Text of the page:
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Breaks Additional
Additional HR Resources

An "Expecting" Employee
Download your FREE White Paper on potential legal pitfalls when dealing with pregnant employees and new parents.

Overtime Ins and Outs
How FLSA applies to exempt and non-exempt employees

Employment Law Manual
All-new 2012 Edition is fully up-to-date with the latest revisions to FMLA andCOBRA and other laws!

Legal Obligations in Every State
The 50 most important employment laws in each of the 50 states

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HR’s Guide to Workers’ Comp

Workers' comp has been a workplace staple for a long time, but it can confound even the most seasoned employers and HR professionals.

Download this FREE White Paper to learn workers' comp basics, including a lexicon of helpful terms, a workers' comp checklist to help you manage the process, and information about your employees' role in workplace safety.

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Breaks and On-Call Time for Employees

The Fair Labor Standards Act (FLSA) doesn’t require meal or rest breaks, but many states have laws that do. For breaks to be unpaid, the employee normally must be relieved of all work duties. Rest breaks of less than 30 minutes must be on the clock.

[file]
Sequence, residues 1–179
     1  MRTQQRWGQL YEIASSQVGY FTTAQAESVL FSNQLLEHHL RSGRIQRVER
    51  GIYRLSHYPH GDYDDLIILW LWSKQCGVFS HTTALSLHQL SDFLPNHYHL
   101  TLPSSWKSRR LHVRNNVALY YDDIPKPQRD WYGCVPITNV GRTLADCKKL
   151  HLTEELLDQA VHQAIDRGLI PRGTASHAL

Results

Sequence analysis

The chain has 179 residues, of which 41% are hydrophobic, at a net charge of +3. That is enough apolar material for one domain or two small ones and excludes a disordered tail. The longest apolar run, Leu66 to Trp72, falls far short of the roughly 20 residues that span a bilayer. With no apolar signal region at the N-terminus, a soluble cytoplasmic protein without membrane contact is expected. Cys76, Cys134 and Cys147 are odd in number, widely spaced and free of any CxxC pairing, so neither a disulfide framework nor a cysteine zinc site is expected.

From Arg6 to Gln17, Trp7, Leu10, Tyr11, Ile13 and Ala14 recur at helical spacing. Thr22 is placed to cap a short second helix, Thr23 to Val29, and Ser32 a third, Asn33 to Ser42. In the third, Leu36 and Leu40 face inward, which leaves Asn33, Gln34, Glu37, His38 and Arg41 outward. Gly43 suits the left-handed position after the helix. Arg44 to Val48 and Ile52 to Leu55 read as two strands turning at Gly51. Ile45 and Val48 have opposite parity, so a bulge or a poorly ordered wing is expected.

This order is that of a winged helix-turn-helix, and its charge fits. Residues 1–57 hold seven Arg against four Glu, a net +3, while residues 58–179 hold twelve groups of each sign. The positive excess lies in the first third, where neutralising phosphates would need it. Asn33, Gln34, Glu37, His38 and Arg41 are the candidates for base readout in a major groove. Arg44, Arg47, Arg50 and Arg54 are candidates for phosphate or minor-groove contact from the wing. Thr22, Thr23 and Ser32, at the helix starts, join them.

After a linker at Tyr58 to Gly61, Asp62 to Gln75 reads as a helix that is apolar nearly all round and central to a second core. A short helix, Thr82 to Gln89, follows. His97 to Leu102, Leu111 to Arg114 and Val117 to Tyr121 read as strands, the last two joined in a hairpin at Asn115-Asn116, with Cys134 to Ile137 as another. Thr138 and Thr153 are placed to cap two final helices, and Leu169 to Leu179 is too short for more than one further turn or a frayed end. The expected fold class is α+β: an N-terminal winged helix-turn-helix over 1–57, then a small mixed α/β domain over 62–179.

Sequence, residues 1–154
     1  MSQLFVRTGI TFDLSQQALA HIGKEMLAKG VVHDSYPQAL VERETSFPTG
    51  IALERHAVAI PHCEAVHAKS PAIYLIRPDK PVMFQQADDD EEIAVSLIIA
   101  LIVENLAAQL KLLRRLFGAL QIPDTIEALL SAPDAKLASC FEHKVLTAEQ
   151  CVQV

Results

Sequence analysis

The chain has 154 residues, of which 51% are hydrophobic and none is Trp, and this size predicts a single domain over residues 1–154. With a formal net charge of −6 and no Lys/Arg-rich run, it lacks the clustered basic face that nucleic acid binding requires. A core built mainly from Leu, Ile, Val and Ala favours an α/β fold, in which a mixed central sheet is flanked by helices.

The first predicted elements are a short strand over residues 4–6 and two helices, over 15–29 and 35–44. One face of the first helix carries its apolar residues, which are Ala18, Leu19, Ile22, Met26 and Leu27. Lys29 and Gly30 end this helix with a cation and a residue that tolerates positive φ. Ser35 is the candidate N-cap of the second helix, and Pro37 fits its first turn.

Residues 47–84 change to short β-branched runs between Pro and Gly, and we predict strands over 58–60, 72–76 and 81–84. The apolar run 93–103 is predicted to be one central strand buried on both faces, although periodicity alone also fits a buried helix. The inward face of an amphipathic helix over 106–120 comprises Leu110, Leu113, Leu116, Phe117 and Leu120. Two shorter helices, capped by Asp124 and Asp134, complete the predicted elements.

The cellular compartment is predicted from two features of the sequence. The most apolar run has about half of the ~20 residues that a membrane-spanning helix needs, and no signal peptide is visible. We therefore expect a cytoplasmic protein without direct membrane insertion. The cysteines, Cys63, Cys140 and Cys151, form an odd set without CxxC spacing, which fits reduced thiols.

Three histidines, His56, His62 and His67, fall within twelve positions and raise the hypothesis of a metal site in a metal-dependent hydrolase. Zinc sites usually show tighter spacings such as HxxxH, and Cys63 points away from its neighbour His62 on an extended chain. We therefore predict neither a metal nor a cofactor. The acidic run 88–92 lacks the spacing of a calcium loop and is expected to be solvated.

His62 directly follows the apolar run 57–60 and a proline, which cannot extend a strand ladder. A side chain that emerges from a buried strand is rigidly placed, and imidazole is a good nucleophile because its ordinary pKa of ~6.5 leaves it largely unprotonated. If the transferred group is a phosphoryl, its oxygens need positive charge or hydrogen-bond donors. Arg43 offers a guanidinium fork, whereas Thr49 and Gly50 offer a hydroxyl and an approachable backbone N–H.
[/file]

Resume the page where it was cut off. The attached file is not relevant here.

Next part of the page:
State-by-state comparision of 50 employment laws in all 50 states, including employee meal and rest breaks

Meal breaks
Employers may not place any restrictions on a non-exempt employee’s activities while on a break. If they are restricted in what they can do or where they can be, an employer may have an obligation to pay them for the break. That includes overtime pay if adding in the break time increases the employee’s hours worked to more than 40 hours in a given week.

Confusion over whether a meal break is compensable usually arises when employees aren’t permitted to leave during meal breaks or when it isn’t practical for them to leave and return to work within the time allotted. If they are required to remain on the premises during breaks, they must be completely relieved of performing any work duties.

That requirement isn’t met if workers are required to perform any duties, whether active or inactive, while eating. For example, an office employee who is required to eat at his desk or a factory worker who is required to be at his machine is working while eating. Similarly, employees who face frequent interruptions, are required to attend meetings, or remain on call to return to work at a moment’s notice aren’t completely relieved of their duties and must be paid for their meal periods.

HR Guide to Employment Law: A practical compliance reference manual covering 14 topics, including overtime and FLSA requirements

On-call time
If you allow a nonexempt employee to go home but he must answer work-related phone calls or be on call to work on short notice he may be entitled to pay, depending on how much freedom he has.

Waiting to be engaged. If an employee is pretty much free to do his normal activities and the phone calls are infrequent, he probably doesn’t have to be paid for the on-call time when he’s not actually working.

Engaged to wait. If being on call greatly restricts an employee’s personal life then he probably has to be paid for the entire time he’s on call, including time when he’s just waiting to be called.

Learn more about wage laws and correctly classifying workers in the Wage and Hour Compliance Manual